The reasons for those fluctuations are both artistic and commercial. Stylistically Mr. Beck has been all over the map, moving from proto-heavy metal to jazz, experimenting with electronica, returning to the blues, detouring to rockabilly — in general following his own inclinations regardless of what happens to be popular at the moment and leaving record companies baffled as to how to categorize and promote him. None of his recent studio recordings has achieved gold-record status. Though the original late-’60s version of the Jeff Beck Group featured Rod Stewart on vocals, Mr. Beck hasn’t recorded or toured with a full-time lead singer since the early ’70s. As a result he eschews lyrics in many of his songs, which on some recordings have tended toward the abstract.
“It’s hard for Jeff to coexist with a singer, because he thinks in terms of his guitar being a lead voice, and singers, especially in rock, have this sense of entitlement, that they are going to be the focus,” Mr. Hammer said. That attitude “has produced some great one-offs, but I don’t think it makes for a lasting collaboration or a long-term relationship.”
Those dalliances offer an idea of Mr. Beck’s wide-ranging interests and his willingness to experiment. During the long gaps between his own CDs he has recorded or played with vocalists as different as Luciano Pavarotti and Buddy Guy. He seems especially fond of female singers, having worked on sessions with Macy Gray, Chrissie Hynde, Cyndi Lauper and Wynonna Judd, among others.
The collaboration with Mr. Clapton grew out of a series of shows Mr. Beck did in 2007 at a jazz club in London, where the two guitarists played Muddy Waters’s “Little Brown Bird.” They came together again early last year for two joint performances outside Tokyo, mixing blues tunes and Sly Stone numbers with songs from the Eddie Harris and Les McCann songbook.
Mr. Beck’s new album, produced by Steve Lipson and Trevor Horn, continues that habit of doing a bit of everything. It opens with “Corpus Christi Carol,” which is associated with both Jeff Buckley and Benjamin Britten, later moves from an instrumental version of “Over the Rainbow” to “I Put A Spell on You” with Joss Stone on vocals, includes an instrumental reading of the Puccini aria “Nessun dorma” and ends with an operatic version of the “Elegy for Dunkirk” from the film “Atonement.”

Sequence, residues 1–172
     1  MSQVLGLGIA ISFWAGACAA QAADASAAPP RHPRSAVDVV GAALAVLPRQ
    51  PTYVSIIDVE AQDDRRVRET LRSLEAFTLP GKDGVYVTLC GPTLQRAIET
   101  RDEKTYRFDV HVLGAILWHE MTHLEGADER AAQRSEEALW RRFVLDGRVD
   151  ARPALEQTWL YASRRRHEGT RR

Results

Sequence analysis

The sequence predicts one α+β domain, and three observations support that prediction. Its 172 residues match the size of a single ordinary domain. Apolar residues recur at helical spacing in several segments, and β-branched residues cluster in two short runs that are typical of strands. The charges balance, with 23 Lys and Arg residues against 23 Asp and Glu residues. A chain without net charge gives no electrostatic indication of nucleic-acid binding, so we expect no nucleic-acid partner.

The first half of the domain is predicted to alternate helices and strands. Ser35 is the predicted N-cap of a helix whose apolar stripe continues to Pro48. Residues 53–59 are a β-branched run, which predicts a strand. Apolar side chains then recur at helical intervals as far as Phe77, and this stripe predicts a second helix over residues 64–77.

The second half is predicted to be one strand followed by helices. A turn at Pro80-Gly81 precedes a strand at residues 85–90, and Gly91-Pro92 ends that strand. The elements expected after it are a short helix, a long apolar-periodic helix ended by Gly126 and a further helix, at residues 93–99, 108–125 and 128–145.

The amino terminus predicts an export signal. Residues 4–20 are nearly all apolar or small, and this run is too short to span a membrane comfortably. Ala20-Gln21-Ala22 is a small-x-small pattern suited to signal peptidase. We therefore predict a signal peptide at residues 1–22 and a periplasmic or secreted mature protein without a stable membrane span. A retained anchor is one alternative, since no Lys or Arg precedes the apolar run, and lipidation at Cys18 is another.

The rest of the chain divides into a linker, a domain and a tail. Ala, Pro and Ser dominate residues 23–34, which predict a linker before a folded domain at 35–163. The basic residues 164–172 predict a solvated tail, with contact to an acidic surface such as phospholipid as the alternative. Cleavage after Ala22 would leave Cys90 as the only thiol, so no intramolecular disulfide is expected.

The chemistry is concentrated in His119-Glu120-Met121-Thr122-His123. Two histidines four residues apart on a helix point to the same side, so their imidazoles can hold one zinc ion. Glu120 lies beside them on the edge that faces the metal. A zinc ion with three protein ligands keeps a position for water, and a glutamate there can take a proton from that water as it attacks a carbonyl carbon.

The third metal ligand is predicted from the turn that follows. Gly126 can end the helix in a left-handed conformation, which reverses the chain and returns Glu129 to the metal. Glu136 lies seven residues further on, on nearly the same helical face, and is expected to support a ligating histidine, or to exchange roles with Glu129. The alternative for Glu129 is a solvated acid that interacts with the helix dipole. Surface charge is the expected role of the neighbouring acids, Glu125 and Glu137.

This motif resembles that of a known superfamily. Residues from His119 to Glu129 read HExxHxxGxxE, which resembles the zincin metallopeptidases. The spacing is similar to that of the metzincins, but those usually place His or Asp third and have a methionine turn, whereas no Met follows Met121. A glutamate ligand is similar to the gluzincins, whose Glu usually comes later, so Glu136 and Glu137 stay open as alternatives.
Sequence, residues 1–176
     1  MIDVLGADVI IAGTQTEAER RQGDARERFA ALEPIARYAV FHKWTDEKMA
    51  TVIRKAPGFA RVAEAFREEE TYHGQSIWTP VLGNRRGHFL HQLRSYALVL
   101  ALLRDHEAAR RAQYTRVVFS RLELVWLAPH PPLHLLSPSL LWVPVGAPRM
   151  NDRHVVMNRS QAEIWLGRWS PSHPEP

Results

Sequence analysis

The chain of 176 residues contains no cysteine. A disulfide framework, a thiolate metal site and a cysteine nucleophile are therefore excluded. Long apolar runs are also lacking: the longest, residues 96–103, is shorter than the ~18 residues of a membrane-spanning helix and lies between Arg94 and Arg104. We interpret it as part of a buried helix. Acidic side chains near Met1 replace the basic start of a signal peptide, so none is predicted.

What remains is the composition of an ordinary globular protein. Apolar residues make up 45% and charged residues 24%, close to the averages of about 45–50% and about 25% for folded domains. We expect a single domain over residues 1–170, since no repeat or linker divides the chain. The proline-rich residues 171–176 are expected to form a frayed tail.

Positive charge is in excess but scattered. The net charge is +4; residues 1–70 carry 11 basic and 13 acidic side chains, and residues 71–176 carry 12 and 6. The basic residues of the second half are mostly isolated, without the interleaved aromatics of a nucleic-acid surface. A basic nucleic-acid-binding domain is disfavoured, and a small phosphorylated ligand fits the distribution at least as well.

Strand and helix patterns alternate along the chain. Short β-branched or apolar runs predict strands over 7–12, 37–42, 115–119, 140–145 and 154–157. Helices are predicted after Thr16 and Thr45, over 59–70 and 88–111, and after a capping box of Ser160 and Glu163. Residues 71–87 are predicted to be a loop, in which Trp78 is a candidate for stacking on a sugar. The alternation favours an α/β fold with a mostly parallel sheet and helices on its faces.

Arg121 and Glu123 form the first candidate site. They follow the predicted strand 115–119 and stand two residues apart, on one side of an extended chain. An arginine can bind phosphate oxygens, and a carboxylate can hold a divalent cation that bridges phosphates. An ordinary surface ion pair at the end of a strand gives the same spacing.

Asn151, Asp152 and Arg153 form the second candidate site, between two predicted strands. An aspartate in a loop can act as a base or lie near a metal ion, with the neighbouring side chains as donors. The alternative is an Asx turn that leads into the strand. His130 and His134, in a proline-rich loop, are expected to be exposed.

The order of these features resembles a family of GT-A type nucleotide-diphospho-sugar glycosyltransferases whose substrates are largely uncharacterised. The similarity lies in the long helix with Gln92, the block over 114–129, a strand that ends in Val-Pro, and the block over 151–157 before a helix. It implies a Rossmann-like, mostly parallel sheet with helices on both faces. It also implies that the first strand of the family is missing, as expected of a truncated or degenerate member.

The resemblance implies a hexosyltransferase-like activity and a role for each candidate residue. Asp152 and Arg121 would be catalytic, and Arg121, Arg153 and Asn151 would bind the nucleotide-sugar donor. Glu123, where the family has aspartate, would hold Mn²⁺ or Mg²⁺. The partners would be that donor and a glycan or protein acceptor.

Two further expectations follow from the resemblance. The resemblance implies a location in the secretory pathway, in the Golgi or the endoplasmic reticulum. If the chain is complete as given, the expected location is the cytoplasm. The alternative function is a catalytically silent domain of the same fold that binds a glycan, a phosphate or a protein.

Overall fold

“He wasn’t sure what he wanted to do, and at the beginning was in major panic mode,” Mr. Lipson said in a telephone interview from his studio in London. “It was only through making the record and finding the pieces that he felt more at ease. I told him, ‘You are the greatest instrumental experimenter with melodies that I can think of, and that’s what we should concentrate on.’ And he agreed.”
To support the CD Mr. Beck will be touring with a new band. He has retained the keyboard player Jason Rebello from his last ensemble but has brought in a new rhythm section: the drummer Narada Michael Walden and the Canadian bassist Rhonda Smith, who spent nearly a decade recording and touring with Prince.
In the mid-’70s Mr. Walden, fresh out of John McLaughlin’s Mahavishnu Orchestra, wrote several songs for and played on “Wired.” Since then he has become a successful producer and songwriter for Aretha Franklin, Whitney Houston and Barbra Streisand. But he was willing to cast aside his aversion to long tours when Mr. Beck invited him to collaborate for the first time in more than 30 years.
“You look for the guys who can kick you” as a musician, “and Jeff can be filthy, stinky that way,” Mr. Walden said in an interview here. “He’s not just melody, or a guy who can make his guitar cry. He’s a funky cat too, always thinking about rhythm, and he has a fearlessness that makes him open to all kinds of material.”
On the business side Mr. Beck also has a reputation as something of a contrarian, and has shown that trait in decisions that have ended up working to his detriment. Booked to play at the original Woodstock festival, for example, he canceled at the last minute, a decision that so infuriated Mr. Stewart that he soon left the band in favor of the solo career that made him the bigger name.
Even today Mr. Beck remains suspicious of the machinery of the pop industry, expressing both puzzlement and disgust at the way the celebrity culture has swallowed other musicians.
“It’s a diabolical business,” he said. “I can’t imagine how hellish it must be to be hounded like Amy Winehouse and people like that. I have a little peripheral place on the outskirts of celebrity, when I go to premieres and that sort of stuff, which is as close as I want to get. I cherish my privacy, and woe betide anyone who tries to interfere with that.”
But Mr. Beck also realizes that he has paid a price for his perceived obstinacy. Asked if it frustrated him not to have enjoyed the same level of commercial success as peers like Mr. Clapton and Mr. Page, he first suggested that speculation was pointless but then said he tried to focus on the positive aspects of the choices he made.
“It’s no use, it’s spilt milk, it’s gone, it’s evaporated,” he said. “I suppose I could think of it as being too bothersome. But I could also look at it on the upside and say, ‘This is the only reason I’m still here,’ because I can almost promise you that I wouldn’t be here if I’d had a huge record in the ’80s. And also, it doesn’t suit me. I like the fact that I can just bugger off and disappear.”